A 4% or 5% APY is still higher than the current 3.5% inflation rate, which, while an increase from 3.2% in February, is projected to fall. After all, inflation is among the reasons the Federal Reserve is holding the Fed rate, with a focus on getting the inflation rate back down to an average 2% from a peak of 9.1% in June 2022.

With rate cuts on the horizon and inflation ticking down, now is the sweet spot for opening a CD. That 4% or 5% will contribute more to your purchasing power than a CD you might have invested in while inflation was on the rise. And these high-rate deals won’t be around forever.

Putting your money into a CD isn’t the only way to leverage high rates. Moving your savings balance into a high-yield savings account may offer similar returns in the short term — and you won’t have to pay a fee if you need access to those funds sooner than expected. You can also continually add to an HYSA, helping you to leverage compounding.

Money market accounts are deposit accounts with benefits that fall between a CD and an HYSA. While money market account rates tend to be lower than a CD’s, yields are higher than a traditional savings account. And they come with check-writing and debit privileges, though you might need to meet a minimum deposit or monthly balance requirements to avoid fees.

Higher-risk investments such as index funds, mutual funds and stocks have the potential to earn stronger returns than both CDs and HYSAs — though with higher risk of losing your money. Treasury bills are typically considered a low-risk investment and offer returns like those of the most competitive CDs available today.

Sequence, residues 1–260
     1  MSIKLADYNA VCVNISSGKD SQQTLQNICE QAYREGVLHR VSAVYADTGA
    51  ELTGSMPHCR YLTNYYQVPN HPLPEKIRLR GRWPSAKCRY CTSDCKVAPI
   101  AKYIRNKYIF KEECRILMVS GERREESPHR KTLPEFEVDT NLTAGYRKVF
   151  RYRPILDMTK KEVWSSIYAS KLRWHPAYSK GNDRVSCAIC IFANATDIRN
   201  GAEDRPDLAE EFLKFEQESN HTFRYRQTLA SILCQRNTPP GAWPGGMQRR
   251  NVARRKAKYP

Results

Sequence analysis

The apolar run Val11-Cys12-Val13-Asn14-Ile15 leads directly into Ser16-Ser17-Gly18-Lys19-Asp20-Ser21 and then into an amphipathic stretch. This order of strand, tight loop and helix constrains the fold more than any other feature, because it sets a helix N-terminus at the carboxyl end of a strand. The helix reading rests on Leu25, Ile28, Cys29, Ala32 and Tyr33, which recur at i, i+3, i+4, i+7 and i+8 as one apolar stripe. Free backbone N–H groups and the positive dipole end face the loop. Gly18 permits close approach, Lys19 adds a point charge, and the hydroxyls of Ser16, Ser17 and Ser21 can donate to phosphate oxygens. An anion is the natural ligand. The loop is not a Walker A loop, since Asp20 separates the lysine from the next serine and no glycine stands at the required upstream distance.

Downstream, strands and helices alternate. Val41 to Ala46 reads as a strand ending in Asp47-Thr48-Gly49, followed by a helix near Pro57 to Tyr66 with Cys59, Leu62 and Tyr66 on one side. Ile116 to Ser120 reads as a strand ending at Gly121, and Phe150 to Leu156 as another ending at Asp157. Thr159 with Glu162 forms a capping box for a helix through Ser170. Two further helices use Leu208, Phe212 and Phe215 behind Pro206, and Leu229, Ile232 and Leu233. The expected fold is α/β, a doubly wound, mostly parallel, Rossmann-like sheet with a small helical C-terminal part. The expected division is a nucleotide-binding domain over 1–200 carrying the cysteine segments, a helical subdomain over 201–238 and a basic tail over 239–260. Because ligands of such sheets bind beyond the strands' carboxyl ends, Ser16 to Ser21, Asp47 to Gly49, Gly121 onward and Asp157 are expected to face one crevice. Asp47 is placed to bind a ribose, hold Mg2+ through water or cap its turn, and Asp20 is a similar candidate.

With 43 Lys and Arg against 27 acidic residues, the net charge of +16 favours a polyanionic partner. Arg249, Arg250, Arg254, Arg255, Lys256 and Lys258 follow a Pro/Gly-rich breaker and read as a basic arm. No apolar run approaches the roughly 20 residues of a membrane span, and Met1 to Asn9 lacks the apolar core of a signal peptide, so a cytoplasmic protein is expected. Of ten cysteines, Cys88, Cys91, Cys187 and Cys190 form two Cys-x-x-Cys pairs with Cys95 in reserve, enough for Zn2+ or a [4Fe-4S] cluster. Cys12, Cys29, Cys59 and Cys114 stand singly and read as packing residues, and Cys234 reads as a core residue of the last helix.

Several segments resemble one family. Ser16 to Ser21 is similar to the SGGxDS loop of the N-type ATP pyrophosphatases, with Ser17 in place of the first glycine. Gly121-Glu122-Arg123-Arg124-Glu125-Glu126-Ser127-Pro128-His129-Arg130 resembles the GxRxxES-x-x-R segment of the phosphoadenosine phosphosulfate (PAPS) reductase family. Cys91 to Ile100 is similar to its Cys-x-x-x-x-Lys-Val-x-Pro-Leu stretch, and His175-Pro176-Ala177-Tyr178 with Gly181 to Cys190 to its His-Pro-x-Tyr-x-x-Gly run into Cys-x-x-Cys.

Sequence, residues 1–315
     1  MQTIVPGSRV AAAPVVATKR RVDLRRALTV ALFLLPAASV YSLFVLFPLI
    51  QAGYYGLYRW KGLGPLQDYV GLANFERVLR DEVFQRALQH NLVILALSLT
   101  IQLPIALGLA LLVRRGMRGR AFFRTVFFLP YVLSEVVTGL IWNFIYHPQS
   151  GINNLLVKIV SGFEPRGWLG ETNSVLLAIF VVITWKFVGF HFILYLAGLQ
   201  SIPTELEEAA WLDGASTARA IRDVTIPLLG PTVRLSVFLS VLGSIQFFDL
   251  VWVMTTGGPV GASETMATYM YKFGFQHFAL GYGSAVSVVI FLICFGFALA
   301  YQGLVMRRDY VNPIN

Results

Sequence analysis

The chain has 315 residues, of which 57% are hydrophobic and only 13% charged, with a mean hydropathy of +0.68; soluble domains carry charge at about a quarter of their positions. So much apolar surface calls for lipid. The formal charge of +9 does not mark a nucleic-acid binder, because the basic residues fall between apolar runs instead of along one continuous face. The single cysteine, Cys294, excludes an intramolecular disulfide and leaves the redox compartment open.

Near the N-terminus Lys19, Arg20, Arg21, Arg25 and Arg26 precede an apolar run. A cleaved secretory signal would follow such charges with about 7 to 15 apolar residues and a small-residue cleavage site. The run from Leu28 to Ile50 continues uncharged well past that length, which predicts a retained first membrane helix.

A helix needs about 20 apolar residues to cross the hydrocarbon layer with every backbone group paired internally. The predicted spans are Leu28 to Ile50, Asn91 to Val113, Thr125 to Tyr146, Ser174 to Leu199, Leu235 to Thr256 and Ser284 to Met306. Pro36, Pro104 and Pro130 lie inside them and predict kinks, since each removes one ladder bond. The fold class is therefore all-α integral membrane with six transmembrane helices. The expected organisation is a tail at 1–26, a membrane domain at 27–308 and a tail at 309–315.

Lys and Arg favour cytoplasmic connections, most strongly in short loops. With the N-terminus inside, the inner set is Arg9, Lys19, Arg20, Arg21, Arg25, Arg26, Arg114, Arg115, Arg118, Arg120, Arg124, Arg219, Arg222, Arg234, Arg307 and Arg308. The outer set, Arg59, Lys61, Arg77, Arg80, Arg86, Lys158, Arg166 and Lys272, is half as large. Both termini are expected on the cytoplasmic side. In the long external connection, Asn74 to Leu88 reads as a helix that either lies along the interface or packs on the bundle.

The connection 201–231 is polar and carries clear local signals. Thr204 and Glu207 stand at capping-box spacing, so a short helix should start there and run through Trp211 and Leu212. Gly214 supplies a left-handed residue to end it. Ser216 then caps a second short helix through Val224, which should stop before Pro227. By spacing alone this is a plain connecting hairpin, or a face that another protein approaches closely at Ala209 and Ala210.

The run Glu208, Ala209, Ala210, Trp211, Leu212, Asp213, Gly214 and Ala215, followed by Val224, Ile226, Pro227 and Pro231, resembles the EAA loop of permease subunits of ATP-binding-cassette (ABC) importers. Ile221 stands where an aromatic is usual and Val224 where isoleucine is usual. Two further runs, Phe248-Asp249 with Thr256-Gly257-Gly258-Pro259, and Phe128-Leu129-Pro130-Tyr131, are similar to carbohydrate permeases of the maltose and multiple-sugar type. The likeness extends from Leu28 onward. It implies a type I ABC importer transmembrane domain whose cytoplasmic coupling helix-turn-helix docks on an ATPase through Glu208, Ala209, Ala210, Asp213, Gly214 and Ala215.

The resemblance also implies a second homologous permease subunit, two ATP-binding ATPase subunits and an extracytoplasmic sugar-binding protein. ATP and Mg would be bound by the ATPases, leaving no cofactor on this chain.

Dig deeper: High-yield savings account vs. CD: What to know when rates are high

A CD is a deposit account that works by holding on to your money for a fixed amount of time while paying out interest. CD terms can range from one month to five years or longer, during which you can’t access your money unless you pay a penalty.

CDs earn compound interest, which means you receive returns on both the deposit and any accrued interest monthly, quarterly or annually, depending on your bank. After the CD term matures — or expires — you get your principal and interest earned over the term. At that point, you can move your money to another account or renew the CD.

CD rates are tied to the Fed rate, which has seen an increase by the Federal Reserve 11 times from March 2022 to July 2023. Before the Fed began raising interest rates, the national rate for a 12-month CD was 0.15%. That average rate has increased more than twelvefold since — with the highest APYs available today ranging from 4.5% to 5% or more.

Compare today’s highest yields on CDs to the average national rates on a $10,000 minimum deposit between April and March 2024, as reported by the FDIC.

Anna Serio-Ali is a trusted lending expert who specializes in consumer and business financing. A former certified commercial loan officer, Anna’s written and edited more than a thousand articles to help Americans strengthen their financial literacy. Her expertise and analysis on personal, student, business and car loans has been featured in Business Insider, CNBC, Nasdaq and ValueWalk, among other publications, and she earned an Expert Contributor in Finance badge from review site Best Company in 2020 for her work at Finder.